Calif. Joins List of States Allowing Electronic Insurance Proof

California joined a growing list of states legitimizing electronic proof of insurance coverage with approval last week from Gov. Jerry Brown, who is still mulling another piece of car-related legislation that would inflate fines for texting behind the wheel.

Brown signed off on AB 1708 Friday, making California the 7th state in the U.S. with regulations on the books permitting drivers to prove they have the proper coverage to drive through their smartphones. Those laws typically allow displaying electronically scanned versions of a policy or policy documents, although many insurers already offer mobile formats of a policy that can be directly uploaded on smartphones once policyholders buy coverage.

In cheering the recent development, insurers said it eases life for motorists who purchase California auto insurance and applauded the state for its reputation “as ground zero for innovation and development of high tech products.”

“Gov. Brown just brought proof of coverage into the 21st century,” Armand Feliciano, vice president at the Association of California Insurance Companies (ACIC), said in a statement. “Now policyholders can use their technology to show they carry auto insurance and avoid unnecessary fix-it tickets and a time-consuming trip to the courthouse.”

Governors in Idaho and Arizona approved their states’ respective electronic proof laws in March. Minnesota followed the next month, and Louisiana finalized its law in June.

Colorado’s regulations allow electronic proof of insurance coverage during the vehicle registration process. Alabama regulations allow the same during both registration and traffic stops.

Such laws have commonly drawn strong support from lawmakers. In California, members of the state Assembly gave AB 1708 a 78-1 vote while state senators unanimously backed it with a 36-0 vote.

Brown Mulls Stiffening Texting Penalties

Meanwhile, the governor is considering a more contentious piece of legislation, SB 1310 from Sen. Joe Simitian (D-Palo Alto), which seeks to hike fines and penalties for texting while driving. The proposal would raise the base fine from $20 to $30 for first-time offenders and from $50 to $60 for repeat offenders. In addition, a point is charged to a driver’s record with the second and subsequent violations.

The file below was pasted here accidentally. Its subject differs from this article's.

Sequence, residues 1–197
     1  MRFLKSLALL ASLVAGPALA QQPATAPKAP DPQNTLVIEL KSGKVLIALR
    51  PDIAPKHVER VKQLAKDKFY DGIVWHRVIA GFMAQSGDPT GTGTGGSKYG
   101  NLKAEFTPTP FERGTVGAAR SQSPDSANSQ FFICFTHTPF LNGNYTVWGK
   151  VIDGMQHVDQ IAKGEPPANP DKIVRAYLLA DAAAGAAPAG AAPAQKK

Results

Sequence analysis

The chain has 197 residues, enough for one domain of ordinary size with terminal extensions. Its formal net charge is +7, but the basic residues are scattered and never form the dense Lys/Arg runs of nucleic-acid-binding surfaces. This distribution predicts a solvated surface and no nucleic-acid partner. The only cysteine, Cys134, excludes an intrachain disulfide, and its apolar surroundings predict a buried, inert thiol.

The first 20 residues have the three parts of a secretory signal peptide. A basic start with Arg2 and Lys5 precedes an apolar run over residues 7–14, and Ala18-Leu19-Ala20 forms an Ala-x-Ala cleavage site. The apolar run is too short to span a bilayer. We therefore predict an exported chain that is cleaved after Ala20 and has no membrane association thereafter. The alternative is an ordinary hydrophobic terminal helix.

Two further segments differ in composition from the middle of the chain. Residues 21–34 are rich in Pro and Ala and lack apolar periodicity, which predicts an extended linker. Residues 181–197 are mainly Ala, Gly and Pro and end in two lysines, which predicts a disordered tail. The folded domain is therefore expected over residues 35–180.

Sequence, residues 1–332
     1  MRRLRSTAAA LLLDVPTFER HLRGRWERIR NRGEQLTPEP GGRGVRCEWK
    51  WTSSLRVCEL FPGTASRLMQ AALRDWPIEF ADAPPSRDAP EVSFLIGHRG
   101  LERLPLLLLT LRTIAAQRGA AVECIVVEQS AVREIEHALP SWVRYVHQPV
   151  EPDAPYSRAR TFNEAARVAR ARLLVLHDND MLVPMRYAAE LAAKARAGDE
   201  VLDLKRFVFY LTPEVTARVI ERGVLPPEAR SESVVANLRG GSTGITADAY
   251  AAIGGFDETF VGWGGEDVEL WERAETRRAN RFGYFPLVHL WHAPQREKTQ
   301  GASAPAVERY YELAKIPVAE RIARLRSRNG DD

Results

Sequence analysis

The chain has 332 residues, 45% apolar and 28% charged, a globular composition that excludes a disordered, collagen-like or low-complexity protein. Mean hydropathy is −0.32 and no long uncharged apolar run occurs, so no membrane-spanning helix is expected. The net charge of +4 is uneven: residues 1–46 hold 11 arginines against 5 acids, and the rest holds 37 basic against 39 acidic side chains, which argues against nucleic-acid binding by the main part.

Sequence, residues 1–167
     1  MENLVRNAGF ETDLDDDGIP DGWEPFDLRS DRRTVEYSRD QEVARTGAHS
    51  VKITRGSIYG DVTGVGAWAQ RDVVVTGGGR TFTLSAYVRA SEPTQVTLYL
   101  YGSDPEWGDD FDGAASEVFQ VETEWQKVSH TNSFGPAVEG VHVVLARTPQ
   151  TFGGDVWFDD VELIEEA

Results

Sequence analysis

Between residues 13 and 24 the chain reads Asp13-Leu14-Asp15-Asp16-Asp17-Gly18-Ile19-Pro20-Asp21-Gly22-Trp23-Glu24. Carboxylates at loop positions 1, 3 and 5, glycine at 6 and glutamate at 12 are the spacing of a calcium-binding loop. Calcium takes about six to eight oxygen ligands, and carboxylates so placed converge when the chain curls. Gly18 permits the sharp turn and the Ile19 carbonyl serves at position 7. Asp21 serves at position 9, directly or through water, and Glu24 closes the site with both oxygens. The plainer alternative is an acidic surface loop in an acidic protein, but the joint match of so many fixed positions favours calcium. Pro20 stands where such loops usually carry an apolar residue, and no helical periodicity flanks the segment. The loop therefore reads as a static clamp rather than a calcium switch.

County and court fees make the actual cost of each texting ticket much higher, while driving records marred with multiple points can lead to the loss of insurance discounts and consequently higher coverage costs.

Legislators in the state Assembly and Senate passed the legislation by votes of 24-10 and 50-24, respectively.

Last year, state legislators lent the same support to SB 28, also sponsored by Simitian, who at the time wanted steeper inflation of fines. Lawmakers passed and sent that proposal to Gov. Brown, who vetoed it.

In his veto message, Brown stated that “for people of ordinary means, current fines and penalty assessments should be sufficient deterrent.”

After SB 1310 was passed in the state Legislature, Simitian said in a statement that he hoped for Brown’s approval after being “in discussions” with the governor’s office “to find common ground” over the latest proposal.

The governor has until Sept. 30 to approve or veto SB 1310, according to a staffer at Simitian’s office at the state Capitol.

About Charles Nguyen
Charles Nguyen is an enterprising journalist who reported for and the Desert Dispatch and was the editor in chief of the Guardian (the twice-weekly newspaper at the University of California, San Diego) before coming to Online Auto Insurance News.

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